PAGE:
UNT hospitality expert makes wine selection easy with 11 easy tips

Tuesday, December 19, 2017 - 01:12

DENTON (UNT), Texas — University of North Texas wine connoisseur Han Wen, an assistant professor of hospitality who teaches courses on wine, shares tips for how to shop for, serve and gift wine on a budget.       

When selecting wine as a gift, what are the key things to look for? 

  • “Choose a gift wine based on the recipients’ tastes and preferences,” says Wen, but barring that, she suggests shoppers “find popular wines from classic regions.”
  • Another option, she suggests, is to “pick a pair of wines, such as a dry and a sweet, a white and a red, a still and a sparkling, or a complex and a simple.” “That way, your recipient will likely enjoy at least one,” she says.

What are ways to creatively give wine gifts?

  • “Buy from a winery you’ve toured, for a meaningful story about how the grapes grow and how the winemaker produces the wines,” says Wen.
  • “Some people select wines with vintages that match the birth year of the person who's accepting the gift,” she adds. “Also, some websites allow you to personalize the wine bottle with a picture or customized text.”

How should wine be served during holiday dinners?

  • “Serve wine and food together to enhance the dining experience and the tastes of both,” says Wen.
  • She recommends pairing wines with similar foods. “Pair white meat with a white wine, such as Chardonnay; pair red meat with a red wine, such as Cabernet Sauvignon. Savory foods go well with unoaked white wines. Acidic or fatty foods go well with acidic wines. Salty foods go well with tannic wines. Desserts pair nicely with sweet, fortified and sparkling wines,” Wen notes.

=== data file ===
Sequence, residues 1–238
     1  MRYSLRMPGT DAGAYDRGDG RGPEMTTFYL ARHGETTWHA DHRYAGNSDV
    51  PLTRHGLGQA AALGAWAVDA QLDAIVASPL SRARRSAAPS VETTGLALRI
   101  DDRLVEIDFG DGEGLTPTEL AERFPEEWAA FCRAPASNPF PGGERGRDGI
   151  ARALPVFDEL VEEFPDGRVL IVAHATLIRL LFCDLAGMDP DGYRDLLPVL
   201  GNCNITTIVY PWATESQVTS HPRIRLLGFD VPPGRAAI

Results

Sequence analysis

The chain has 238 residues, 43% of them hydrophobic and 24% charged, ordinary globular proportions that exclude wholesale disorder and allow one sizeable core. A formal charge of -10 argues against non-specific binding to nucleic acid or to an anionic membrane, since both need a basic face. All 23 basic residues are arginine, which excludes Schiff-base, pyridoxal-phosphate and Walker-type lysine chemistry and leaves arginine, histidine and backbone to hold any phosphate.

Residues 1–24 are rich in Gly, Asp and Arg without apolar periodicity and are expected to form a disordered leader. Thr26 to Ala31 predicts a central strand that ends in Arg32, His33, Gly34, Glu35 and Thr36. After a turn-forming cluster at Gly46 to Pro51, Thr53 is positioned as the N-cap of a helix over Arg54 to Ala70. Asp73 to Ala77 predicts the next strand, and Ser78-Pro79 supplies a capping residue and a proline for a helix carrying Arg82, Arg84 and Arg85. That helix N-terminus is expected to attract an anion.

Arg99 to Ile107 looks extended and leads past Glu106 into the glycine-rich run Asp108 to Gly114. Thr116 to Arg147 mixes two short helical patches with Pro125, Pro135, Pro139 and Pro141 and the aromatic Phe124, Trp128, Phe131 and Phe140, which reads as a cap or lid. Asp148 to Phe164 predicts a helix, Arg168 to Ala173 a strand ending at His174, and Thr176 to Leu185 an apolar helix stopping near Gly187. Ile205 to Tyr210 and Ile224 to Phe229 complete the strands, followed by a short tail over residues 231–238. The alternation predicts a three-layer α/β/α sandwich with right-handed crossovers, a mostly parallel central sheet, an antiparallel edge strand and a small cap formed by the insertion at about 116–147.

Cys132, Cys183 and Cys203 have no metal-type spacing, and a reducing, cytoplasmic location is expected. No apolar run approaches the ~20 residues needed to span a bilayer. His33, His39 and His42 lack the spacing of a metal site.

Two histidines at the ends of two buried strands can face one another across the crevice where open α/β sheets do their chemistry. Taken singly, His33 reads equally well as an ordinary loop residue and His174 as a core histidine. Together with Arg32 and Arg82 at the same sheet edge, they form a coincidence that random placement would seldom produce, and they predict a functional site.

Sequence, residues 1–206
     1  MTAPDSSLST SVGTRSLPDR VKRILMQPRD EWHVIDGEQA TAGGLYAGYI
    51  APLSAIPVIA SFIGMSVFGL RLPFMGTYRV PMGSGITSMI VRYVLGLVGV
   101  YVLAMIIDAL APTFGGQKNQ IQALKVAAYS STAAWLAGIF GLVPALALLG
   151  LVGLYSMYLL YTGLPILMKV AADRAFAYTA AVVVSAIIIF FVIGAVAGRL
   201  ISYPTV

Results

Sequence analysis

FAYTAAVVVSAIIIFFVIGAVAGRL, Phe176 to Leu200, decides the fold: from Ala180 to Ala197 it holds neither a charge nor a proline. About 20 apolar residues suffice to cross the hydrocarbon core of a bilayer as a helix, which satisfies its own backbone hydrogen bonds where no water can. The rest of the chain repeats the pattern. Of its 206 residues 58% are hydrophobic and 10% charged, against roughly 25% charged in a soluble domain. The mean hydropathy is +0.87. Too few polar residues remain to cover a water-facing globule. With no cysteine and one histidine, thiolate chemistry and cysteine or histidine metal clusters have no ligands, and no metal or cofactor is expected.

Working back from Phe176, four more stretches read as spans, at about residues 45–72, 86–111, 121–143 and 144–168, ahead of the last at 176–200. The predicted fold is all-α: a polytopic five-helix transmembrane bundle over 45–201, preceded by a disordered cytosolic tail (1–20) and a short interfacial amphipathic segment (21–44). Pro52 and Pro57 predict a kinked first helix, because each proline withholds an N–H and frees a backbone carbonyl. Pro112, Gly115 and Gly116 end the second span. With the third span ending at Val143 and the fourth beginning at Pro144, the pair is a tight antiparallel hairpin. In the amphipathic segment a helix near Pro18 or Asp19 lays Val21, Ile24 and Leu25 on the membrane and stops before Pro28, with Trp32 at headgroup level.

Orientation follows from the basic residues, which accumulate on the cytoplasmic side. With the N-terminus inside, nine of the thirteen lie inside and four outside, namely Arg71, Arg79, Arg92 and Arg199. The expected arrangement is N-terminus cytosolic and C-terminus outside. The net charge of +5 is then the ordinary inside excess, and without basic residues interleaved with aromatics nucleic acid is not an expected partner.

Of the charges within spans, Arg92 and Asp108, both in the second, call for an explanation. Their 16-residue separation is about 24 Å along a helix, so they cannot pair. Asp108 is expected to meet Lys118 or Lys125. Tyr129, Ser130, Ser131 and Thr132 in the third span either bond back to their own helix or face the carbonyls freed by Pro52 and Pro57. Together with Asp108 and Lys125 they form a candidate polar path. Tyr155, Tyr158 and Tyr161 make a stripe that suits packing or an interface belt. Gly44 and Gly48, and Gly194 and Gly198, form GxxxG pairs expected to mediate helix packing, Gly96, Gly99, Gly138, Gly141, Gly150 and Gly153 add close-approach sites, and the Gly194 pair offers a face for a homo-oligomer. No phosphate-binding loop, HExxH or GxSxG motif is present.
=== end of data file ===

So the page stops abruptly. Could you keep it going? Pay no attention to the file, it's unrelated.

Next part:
• Similarly, wines developed alongside local cuisines are always great. “For example, serve Spanish wine with Spanish food,” she says.

When shopping for an inexpensive wine, what should consumers focus on?

  • “Think about your tastes and preferences, and then search for wines that match,” says Wen. “If you're not sure how the wine tastes, use an app such as Delectable or Vivino to search for ratings and wine tasting notes.”
  • Wen adds that for those who are uncertain, it’s hard to go wrong with “classic and regional wines, such as Cabernet Sauvignon from Napa Valley, Chardonnay from Sonoma County, Sauvignon Blanc from New Zealand, Shiraz from Australia or a Cabernet Sauvignon and Merlot blend from Bordeaux.”

How should wine be stored and served?

  • “Store wine in a cool place, like a basement or cellar,” says Wen. “Refrigerate red wines 15 to 30 minutes before serving. Refrigerate white or sparkling wines for a minimum of three hours and then take out 15 to 30 minutes before serving.”

What are signs of bad/poor tasting wines? 

  • “When opening a bottle, first check the condition of the wine to make sure it is not oxidized or impacted by cork taint,” says Wen. “Ensure it does not look hazy, and smell the wine to check for undesirable odors. Also taste the wine; oxidized wine will lose most of the characteristics wine usually has. Sometimes by looking at the condition of the cork, you will find out the condition of wines.”

About Wen

Wen teaches students age 21 and older about wines, beers and spirits in UNT’s Survey of Beverages class for the Department of Hospitality and Tourism Management. Students learn about current consumption trends of beverages in the hospitality industry; how to identify, evaluate and taste beverages; to understand the legal issues related to serving alcoholic beverages in the hospitality industry; and to examine the implications of alcoholism.

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